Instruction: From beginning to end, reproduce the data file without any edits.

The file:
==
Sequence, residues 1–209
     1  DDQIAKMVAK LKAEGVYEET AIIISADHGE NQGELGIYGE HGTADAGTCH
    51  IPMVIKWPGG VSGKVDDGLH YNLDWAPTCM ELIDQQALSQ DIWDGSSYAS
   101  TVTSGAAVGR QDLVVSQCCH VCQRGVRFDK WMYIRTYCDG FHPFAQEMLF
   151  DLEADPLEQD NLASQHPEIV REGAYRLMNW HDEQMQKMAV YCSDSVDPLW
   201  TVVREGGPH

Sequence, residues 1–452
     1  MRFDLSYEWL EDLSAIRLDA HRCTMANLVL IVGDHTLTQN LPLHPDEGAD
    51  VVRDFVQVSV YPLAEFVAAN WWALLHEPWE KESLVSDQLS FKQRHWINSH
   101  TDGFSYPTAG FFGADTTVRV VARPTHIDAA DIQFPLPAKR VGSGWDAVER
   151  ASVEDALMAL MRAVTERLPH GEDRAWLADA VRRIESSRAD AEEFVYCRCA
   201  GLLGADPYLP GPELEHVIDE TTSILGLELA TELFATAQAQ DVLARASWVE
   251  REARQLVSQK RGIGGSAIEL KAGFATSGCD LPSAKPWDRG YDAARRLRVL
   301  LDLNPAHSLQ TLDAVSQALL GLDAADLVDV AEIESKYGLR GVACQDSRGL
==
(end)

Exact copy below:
Sequence, residues 1–209
     1  DDQIAKMVAK LKAEGVYEET AIIISADHGE NQGELGIYGE HGTADAGTCH
    51  IPMVIKWPGG VSGKVDDGLH YNLDWAPTCM ELIDQQALSQ DIWDGSSYAS
   101  TVTSGAAVGR QDLVVSQCCH VCQRGVRFDK WMYIRTYCDG FHPFAQEMLF
   151  DLEADPLEQD NLASQHPEIV REGAYRLMNW HDEQMQKMAV YCSDSVDPLW
   201  TVVREGGPH

Sequence, residues 1–452
     1  MRFDLSYEWL EDLSAIRLDA HRCTMANLVL IVGDHTLTQN LPLHPDEGAD
    51  VVRDFVQVSV YPLAEFVAAN WWALLHEPWE KESLVSDQLS FKQRHWINSH
   101  TDGFSYPTAG FFGADTTVRV VARPTHIDAA DIQFPLPAKR VGSGWDAVER
   151  ASVEDALMAL MRAVTERLPH GEDRAWLADA VRRIESSRAD AEEFVYCRCA
   201  GLLGADPYLP GPELEHVIDE TTSILGLELA TELFATAQAQ DVLARASWVE
   251  REARQLVSQK RGIGGSAIEL KAGFATSGCD LPSAKPWDRG YDAARRLRVL
   301  LDLNPAHSLQ TLDAVSQALL GLDAADLVDV AEIESKYGLR GVACQDSRGL